Credit: Emma Spencer

A local artist has installed a new mural, and three renovated murals, at Eastside Neighborhood Park, located on the corner of Soledad and Yanonali, with the new piece titled “Los Voladores de Papantla.” A blessing ceremony was held on Tuesday, June 22, “designed to open up the space” and act as a “ceremonial way of welcoming people to the space,” said Ricardo Venegas, Parks and Recreation community center director. 

Local artist Miguel Rodriguez led the project, incorporating different elements of symbols from a diverse group of indigenous cultures such as Chumash, Aztec, Maya, Yaqui, and Totonac. Rodriguez said the redesign took roughly three months, him working mostly on weekends and receiving help from individuals who were completing community service hours. 

Credit: Emma Spencer

Fifteen years ago, the park was “ground zero” for gang violence among youth, Venegas said. Groups from across the Santa Barbara area, and from within the Eastside, were feuding with each other, giving the park a negative connotation, as fights would break out and graffiti would be sprayed on walls, signs, and even the street, according to Venegas. 

Venegas said youth-oriented programs offered by Parks and Rec, such as the Job Apprenticeship Program and Santa Barbara Arts Alliance, gave an opportunity for local adolescents across the city to come together and express themselves through healthy outlets while breaking cycles of violence. The first murals featured at the park in 2008, and again in 2013, were a result of those programs, and it was the youth from those programs who designed and created the murals.

“One of the things people don’t realize is that these programs really do help. It bothers me when someone says, ‘Well how many people have you saved from crime and drugs?’ It doesn’t work like that. You can’t give funding and expect crime to be solved within a week,” Venegas said. “When addressing the cycle of violence, we recognize that we are all Chicanos, and focus on destroying the self-perceived notions of being enemies while rebuilding connections and identifying with our culture.” 

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After giving context to each of the murals, Rodriguez guided the dozen attendants in a brief blessing ceremony where he burned a mix of sage and copal and played homemade Aztec instruments out of clay, including a piece similar to a flute and a rattle, on all four sides of the building.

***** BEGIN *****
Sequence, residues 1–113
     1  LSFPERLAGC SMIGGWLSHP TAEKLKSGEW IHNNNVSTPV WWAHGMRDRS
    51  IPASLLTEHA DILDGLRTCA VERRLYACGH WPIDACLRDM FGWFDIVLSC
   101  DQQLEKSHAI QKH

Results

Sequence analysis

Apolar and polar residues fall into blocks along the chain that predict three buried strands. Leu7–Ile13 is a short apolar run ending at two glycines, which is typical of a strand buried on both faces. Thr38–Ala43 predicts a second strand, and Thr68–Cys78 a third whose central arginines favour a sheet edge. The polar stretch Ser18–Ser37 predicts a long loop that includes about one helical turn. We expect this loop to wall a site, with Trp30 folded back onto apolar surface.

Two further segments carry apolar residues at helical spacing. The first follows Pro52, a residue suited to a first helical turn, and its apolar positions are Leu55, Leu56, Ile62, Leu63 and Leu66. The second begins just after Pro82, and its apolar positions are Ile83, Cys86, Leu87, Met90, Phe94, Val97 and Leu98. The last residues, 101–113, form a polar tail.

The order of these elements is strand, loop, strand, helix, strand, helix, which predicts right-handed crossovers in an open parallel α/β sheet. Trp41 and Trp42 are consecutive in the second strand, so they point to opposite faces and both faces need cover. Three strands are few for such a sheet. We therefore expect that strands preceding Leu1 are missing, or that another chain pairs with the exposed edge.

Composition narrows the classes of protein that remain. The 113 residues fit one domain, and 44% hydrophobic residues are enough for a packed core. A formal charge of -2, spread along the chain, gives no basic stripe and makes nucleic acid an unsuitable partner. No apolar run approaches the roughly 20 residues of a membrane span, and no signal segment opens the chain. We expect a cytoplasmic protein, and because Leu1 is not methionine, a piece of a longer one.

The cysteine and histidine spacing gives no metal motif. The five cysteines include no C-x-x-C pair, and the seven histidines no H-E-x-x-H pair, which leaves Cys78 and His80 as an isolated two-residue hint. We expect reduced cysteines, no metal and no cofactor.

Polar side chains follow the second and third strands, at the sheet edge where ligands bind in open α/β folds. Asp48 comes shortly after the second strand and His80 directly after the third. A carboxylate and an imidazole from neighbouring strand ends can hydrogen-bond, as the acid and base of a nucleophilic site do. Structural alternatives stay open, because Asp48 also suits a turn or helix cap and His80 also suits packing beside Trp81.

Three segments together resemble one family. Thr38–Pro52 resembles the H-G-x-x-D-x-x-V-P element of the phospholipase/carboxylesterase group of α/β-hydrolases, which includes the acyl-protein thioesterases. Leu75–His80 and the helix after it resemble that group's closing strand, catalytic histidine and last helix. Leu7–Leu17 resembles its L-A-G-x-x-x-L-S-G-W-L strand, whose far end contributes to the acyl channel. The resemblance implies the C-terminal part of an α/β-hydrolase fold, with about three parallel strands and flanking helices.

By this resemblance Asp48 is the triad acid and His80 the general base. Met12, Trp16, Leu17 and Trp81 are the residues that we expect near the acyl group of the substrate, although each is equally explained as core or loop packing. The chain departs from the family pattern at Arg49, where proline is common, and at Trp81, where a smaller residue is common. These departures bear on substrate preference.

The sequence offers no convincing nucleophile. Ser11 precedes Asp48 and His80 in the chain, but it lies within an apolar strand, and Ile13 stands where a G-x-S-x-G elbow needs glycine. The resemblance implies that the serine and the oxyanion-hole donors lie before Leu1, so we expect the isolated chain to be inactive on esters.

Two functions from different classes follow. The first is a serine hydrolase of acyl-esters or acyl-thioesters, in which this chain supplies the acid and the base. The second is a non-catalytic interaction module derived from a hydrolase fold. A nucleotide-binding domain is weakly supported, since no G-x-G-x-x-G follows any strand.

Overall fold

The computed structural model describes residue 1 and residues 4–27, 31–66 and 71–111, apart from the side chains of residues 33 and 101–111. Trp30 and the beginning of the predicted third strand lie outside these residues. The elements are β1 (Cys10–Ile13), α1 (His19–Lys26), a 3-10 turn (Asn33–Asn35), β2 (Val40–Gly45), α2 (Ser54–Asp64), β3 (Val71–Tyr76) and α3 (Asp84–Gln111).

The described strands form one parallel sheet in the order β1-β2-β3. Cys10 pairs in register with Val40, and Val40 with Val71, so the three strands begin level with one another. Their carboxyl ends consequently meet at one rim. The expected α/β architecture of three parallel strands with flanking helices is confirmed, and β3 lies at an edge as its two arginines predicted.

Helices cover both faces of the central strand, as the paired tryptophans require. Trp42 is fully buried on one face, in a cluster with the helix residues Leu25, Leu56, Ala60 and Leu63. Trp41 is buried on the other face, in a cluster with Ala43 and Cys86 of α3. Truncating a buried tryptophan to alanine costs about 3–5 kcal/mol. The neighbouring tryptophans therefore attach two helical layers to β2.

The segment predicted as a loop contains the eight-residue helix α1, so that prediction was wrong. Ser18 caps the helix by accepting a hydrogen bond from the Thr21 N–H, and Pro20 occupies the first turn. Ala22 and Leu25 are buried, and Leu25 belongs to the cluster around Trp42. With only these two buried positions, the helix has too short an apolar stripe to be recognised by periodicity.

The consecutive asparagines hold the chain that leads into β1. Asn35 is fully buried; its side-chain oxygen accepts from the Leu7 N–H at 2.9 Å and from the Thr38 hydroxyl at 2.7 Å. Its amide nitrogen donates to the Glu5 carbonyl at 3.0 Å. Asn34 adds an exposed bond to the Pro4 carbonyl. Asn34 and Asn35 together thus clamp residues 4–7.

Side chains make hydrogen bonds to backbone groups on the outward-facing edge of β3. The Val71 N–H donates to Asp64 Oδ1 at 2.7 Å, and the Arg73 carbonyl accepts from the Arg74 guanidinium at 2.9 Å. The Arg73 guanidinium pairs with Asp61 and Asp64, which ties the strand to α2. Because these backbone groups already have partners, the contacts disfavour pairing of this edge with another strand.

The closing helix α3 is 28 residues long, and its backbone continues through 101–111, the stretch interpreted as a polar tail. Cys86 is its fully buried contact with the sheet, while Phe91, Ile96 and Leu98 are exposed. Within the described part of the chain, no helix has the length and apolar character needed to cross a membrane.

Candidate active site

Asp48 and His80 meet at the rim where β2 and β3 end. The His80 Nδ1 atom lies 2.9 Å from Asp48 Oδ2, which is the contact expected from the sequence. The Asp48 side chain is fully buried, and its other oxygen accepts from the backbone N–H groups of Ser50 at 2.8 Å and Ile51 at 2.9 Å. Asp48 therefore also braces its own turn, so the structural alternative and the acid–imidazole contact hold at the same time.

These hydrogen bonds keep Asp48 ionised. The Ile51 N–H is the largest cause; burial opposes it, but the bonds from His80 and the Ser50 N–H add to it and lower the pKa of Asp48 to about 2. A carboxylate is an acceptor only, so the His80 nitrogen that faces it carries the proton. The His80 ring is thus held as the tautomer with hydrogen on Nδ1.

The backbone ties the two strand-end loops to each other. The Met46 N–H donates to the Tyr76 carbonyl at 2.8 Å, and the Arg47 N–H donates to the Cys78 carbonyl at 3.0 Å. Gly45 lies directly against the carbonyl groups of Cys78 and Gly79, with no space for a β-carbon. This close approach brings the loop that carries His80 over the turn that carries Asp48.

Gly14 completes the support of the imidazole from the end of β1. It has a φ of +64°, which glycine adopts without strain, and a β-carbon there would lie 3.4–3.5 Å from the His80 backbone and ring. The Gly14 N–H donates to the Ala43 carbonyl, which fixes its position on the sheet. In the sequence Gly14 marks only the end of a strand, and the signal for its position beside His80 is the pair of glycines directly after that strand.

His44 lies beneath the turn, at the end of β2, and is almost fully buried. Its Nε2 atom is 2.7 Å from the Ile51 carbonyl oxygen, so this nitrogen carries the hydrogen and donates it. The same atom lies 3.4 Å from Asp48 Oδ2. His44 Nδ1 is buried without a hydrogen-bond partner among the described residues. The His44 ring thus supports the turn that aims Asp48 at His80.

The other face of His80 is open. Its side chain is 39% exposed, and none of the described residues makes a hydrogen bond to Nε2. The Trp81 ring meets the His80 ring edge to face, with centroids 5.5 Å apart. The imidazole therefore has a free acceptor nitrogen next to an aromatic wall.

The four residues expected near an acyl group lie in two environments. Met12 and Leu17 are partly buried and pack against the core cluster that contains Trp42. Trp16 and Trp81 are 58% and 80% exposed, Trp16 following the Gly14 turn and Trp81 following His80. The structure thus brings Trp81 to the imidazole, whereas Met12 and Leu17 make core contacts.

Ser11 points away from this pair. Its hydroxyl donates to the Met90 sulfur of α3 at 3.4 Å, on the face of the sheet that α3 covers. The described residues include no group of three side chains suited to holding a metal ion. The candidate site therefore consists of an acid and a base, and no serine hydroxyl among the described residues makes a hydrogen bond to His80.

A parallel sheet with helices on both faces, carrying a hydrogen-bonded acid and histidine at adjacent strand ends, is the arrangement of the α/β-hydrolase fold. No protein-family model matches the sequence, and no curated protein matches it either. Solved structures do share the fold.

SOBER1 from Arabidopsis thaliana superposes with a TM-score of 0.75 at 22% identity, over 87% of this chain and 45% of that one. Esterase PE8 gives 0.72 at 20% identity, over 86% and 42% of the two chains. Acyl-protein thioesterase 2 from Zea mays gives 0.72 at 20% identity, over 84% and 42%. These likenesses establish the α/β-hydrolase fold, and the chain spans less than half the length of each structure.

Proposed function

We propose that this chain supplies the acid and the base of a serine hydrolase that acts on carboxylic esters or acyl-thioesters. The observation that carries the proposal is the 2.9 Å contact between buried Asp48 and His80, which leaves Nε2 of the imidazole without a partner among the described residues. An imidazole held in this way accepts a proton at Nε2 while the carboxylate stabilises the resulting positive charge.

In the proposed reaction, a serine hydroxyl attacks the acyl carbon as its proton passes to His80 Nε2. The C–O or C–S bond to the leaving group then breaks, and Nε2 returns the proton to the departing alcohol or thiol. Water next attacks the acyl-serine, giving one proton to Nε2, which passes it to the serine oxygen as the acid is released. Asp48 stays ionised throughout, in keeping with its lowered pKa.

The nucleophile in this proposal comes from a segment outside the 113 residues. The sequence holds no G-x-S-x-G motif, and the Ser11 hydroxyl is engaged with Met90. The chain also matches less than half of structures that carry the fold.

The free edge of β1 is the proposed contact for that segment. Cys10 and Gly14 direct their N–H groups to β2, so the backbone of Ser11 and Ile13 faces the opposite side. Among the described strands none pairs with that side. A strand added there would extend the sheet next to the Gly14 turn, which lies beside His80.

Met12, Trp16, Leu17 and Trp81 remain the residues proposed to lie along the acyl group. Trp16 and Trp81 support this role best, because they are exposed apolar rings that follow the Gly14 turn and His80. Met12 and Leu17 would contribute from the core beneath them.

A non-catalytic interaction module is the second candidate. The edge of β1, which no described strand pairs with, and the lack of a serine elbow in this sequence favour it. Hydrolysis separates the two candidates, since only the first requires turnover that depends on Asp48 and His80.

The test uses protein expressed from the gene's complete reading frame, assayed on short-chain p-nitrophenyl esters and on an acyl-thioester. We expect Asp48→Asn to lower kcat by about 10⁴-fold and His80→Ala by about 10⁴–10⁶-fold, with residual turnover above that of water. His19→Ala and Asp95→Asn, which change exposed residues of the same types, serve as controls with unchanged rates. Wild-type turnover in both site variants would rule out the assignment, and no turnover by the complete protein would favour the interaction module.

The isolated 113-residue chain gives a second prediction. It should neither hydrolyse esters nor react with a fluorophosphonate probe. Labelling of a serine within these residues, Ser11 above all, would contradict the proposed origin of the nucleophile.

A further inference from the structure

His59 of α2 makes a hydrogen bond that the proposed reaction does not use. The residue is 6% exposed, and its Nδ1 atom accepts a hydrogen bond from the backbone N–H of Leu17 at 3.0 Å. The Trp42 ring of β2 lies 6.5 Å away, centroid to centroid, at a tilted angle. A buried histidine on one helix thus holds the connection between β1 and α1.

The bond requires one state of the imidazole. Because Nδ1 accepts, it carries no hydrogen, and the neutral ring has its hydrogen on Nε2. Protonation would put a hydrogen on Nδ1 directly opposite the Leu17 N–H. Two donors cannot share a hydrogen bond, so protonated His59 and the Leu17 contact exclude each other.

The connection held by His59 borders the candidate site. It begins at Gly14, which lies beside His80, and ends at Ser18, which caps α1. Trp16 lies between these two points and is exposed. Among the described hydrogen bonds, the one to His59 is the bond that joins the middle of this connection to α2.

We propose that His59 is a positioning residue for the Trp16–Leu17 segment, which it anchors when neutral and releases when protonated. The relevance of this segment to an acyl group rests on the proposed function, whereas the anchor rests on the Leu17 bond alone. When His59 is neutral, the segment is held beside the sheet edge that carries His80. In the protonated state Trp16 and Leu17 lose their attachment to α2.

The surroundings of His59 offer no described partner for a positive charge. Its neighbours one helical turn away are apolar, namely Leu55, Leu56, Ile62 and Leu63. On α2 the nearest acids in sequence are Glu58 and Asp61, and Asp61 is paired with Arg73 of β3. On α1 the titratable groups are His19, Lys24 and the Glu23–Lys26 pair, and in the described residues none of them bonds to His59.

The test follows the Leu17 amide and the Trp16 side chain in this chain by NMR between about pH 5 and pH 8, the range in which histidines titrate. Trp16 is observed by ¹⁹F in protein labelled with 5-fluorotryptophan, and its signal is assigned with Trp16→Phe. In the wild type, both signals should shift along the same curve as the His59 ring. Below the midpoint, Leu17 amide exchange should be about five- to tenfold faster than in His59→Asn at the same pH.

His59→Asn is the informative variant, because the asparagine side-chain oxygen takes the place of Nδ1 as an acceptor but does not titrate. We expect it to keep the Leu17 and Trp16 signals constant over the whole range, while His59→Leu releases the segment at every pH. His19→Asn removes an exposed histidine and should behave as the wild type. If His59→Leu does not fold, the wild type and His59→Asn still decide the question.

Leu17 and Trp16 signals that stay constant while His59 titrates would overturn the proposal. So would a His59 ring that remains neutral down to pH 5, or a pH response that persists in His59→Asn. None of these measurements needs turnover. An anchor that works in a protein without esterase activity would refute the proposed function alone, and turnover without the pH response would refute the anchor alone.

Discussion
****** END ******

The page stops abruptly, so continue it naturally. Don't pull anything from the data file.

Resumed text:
All of the viewers were invited to be smudged, a spiritual ritual that aims to cleanse the energy of a space, person, or object. Venegas explained that the blessing ceremony is typically a private event, but he said there have been recent efforts to invite the public and educate them on the ceremonies to clarify they are not endorsing a specific religion, and “promoting peace and harmony.” 

Credit: Emma Spencer

Rodriguez also emphasized the importance of feeling connected with one’s roots and how this was the primary aspect in the revamp of the murals. He said he wants residents from different indigenous backgrounds to look around the structure and focus on the various details featuring elements from several cultures.

The front side of the building depicts corn, monarch butterflies, an obsidian dagger, and the hoops featured in the historical ballgame played across Mesoamerica as a nod to indigenous tribes from Mexico and Central America. Tributes to Mayan culture include a vibrant jaguar that dominates the center, and the background featuring a golden-hued depiction of the Tikal pyramid in northern Guatemala. Other sides include a blue deer and dancer from Yaqui traditions, as well as Chumash symbols that are derived from the ones at the Chumash Painted Cave State Historic Park. 

When asked about influences and inspirations for the project, Rodriguez said he was “looking at it as a way of gathering indigenous cultures and traditions but making them flow when put together to create a sense of equilibrium.” 

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